Larimer County helped ap- proximately 1,300 low-in- come families by subsidizing childcare making it possible for parents to work outside the home and contribute to the overall wellbeing of our local economy.

1,279 2012 1,088

• Resources for Seniors • Restaurant Inspections

2011 1,021

• Temporary Assistance for Needy Families • Water Quality Regulation and Inspection • Workforce Training and Counseling

DEVELOPING YOUTH The Larimer County Conservation Corps (LCCC) promotes individual development through service for the benefit of the environment and community. Through conservation-based projects and environmental education, the LCCC empowers participants (youth ages 14–24) to become environmental stewards, while developing self-sufficiency and skills to help them become productive members of the community. 2014 SPOTLIGHT : WATER & ENERGY PROGRAM Corps members assisted 850 Fort Collins and Loveland households in reducing their water and energy use through home assessments and providing recommendations.

HELP SENIORS STAY IN THEIR HOMES The Senior Tax Work-Off Program allows seniors to reduce the bur- den of their property tax bill by temporarily working for Larimer County. The program allows people age 60 and over the op- portunity to work off up to $400 of the Larimer County portion of their property tax bill. larimer.org/seniors $22,500

With 1,100 individuals, Larimer County has the most 4-H club members of any county across the state. In recent years, more than 4,800 4-H exhibits were entered annually at the County Fair.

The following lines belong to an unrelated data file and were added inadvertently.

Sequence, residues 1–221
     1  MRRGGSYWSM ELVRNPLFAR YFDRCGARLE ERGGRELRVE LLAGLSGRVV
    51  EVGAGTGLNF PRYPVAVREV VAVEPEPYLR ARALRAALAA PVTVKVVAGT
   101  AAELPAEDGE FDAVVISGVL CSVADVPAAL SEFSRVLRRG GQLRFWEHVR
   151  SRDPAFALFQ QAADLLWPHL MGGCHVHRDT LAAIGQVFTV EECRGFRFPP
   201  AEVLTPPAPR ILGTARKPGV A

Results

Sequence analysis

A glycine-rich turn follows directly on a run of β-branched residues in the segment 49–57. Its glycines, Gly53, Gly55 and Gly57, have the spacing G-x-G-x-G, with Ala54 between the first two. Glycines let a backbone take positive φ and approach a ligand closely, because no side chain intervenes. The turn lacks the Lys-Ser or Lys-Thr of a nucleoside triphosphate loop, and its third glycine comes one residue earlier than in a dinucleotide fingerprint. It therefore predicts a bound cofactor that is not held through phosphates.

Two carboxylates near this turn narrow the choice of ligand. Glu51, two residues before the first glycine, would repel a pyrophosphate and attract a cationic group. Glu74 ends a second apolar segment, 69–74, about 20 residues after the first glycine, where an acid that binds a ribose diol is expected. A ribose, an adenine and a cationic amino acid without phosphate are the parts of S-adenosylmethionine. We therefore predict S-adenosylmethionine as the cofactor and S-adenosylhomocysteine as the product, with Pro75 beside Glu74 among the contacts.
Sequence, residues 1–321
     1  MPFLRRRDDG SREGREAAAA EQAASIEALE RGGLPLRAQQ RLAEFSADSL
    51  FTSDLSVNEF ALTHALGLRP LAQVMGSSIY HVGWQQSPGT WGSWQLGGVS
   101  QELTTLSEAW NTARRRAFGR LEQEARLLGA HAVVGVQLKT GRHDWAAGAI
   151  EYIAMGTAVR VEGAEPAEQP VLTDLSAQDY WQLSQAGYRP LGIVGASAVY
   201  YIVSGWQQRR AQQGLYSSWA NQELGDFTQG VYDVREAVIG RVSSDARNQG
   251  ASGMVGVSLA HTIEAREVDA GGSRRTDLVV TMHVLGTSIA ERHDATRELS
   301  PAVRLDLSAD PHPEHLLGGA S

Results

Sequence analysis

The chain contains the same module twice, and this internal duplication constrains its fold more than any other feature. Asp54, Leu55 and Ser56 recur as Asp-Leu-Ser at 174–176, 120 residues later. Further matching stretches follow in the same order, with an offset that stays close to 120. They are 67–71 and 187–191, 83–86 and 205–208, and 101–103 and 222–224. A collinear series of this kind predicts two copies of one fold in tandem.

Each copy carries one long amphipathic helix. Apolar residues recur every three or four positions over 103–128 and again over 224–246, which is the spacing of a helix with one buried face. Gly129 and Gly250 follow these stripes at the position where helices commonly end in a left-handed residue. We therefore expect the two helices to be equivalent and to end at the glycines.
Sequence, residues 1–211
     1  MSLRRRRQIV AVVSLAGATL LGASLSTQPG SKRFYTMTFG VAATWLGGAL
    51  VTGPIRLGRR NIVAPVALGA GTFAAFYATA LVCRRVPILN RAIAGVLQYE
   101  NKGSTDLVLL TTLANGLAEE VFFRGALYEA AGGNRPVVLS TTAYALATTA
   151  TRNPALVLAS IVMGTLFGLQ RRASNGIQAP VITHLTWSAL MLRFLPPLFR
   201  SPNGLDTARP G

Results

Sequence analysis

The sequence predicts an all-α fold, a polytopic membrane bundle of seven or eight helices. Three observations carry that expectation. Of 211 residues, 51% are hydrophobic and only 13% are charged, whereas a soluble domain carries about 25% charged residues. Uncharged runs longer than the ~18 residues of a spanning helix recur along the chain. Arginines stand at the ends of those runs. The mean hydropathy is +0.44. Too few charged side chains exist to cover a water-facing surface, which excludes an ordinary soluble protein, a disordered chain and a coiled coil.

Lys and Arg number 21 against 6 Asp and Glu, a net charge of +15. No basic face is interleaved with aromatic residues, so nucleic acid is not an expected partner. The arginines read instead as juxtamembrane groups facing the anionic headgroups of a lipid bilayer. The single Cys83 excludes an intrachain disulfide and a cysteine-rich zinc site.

TOTAL CREDIT EARNED BY SENIORS IN THE 2014 PROGRAM

STAY ENGAGED LARIMER.ORG/BOCC • Monthly Informal Commissioner Citizen Meetings

Ginny Riley, Human Services, Northern CO Women of Distinction Gov. Category and Live United Community Collaboration Award , United Way Sharon Winfree, Criminal Justice, 37th Annual Judge Conrad L Ball Award Avie Strand, Community Health & Environment, McKee Community Health Award

Deni LaRue, Community at Work radio show, 1st Place CO Broadcasters Awards of Excellence Community Report, ‘Superior’ Award of Excellence , National Assoc. of County Information Officers Certificate of Achievement for Excellence in Financial Reporting ,

Earl Fawcett, Sheriff’s Deputy, Sally Henze Memorial Award Debbie Pierson, Veterans Services, Outstanding Work for Veterans award , 101st Airborne Division Association Department of Human Services, C-Stat Distinguished Performance , CO Department of Human Services

• Boards and Commissions • LC 101 - Citizen Academy • Public Meetings • Subscriptions

Government Finance Officers Association